Friday, May 26, 2017

3rd Circuit Clarifies Burden of Proof For Preliminary Injunction In 1st Amendment Cases

In Reilly v. City of Harrisburg, (3rd Cir., May 25, 2017), a suit challenging a city's ban on demonstrations within 20 feet of any abortion clinic property, the 3rd Circuit clarified the burden of proof requirement for a preliminary injunction in 1st Amendment cases:
...[A] movant for preliminary equitable relief must meet the threshold for the first two “most critical” factors: it must demonstrate that it can win on the merits (which requires a showing significantly better than negligible but not necessarily more likely than not) and that it is more likely than not to suffer irreparable harm in the absence of preliminary relief. If these gateway factors are met, a court then considers the remaining two factors and determines in its sound discretion if all four factors, taken together, balance in favor of granting the requested preliminary relief.... “How strong a claim on the merits is enough depends on the balance of the harms: the more net harm an injunction can prevent, the weaker the plaintiff’s claim on the merits can be while still supporting some preliminary relief.” ...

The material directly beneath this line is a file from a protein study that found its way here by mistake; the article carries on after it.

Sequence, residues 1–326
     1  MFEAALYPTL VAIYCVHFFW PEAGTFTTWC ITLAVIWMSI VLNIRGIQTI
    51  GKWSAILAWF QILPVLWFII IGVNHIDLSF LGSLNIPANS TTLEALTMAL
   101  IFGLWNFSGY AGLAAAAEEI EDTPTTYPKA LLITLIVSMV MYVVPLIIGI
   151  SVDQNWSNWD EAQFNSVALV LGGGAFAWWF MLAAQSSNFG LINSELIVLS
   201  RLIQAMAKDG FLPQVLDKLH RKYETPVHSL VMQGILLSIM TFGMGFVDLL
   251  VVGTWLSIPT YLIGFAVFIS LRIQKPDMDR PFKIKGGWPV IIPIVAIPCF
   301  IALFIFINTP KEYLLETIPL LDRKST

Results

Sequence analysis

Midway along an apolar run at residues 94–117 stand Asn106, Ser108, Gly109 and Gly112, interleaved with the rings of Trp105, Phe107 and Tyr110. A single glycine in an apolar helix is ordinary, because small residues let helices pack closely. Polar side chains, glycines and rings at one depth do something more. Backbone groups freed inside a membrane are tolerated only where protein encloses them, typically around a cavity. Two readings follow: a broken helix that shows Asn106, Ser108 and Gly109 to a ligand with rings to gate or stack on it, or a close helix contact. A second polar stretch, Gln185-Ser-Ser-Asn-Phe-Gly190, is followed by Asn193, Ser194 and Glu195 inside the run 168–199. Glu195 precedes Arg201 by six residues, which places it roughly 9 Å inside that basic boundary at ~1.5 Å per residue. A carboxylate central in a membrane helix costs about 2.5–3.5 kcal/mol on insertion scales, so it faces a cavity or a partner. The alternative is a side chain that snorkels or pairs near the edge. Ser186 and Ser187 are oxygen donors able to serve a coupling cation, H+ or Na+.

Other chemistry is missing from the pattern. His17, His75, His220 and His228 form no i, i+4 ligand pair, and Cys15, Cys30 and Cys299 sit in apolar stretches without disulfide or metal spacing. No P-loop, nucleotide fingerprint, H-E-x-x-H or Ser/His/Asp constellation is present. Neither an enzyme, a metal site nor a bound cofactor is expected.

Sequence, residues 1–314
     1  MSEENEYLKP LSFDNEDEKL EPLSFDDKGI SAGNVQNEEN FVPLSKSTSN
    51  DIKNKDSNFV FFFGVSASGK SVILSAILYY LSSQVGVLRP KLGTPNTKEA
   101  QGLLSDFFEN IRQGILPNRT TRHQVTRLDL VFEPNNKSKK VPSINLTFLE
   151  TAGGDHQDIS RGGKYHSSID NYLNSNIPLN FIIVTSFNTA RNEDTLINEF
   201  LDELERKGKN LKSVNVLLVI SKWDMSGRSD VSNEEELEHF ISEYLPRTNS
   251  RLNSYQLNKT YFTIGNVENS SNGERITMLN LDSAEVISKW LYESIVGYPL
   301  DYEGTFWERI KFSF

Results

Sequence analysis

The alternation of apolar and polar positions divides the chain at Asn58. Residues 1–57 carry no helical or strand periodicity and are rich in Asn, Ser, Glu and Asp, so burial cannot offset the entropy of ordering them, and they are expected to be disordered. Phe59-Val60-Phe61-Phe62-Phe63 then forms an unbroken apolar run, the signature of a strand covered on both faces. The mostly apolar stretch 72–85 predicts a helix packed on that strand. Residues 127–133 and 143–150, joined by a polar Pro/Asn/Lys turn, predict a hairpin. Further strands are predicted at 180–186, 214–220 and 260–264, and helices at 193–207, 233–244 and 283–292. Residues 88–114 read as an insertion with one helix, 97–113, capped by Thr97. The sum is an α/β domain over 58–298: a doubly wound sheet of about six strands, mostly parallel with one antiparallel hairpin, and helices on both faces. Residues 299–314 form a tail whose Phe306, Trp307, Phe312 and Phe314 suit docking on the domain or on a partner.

In deciding whether to issue a preliminary injunction, plaintiffs normally bear the burden of demonstrating a sufficient likelihood of prevailing on the merits. However, in First Amendment cases where “the Government bears the burden of proof on the ultimate question of [a statute’s] constitutionality, [plaintiffs] must be deemed likely to prevail [for the purpose of considering a preliminary injunction] unless the Government has shown that [plaintiffs’] proposed less restrictive alternatives are less effective than [the statute].”.... This is because “the burdens at the preliminary injunction stage track the burdens at trial,” and for First Amendment purposes they rest with the Government.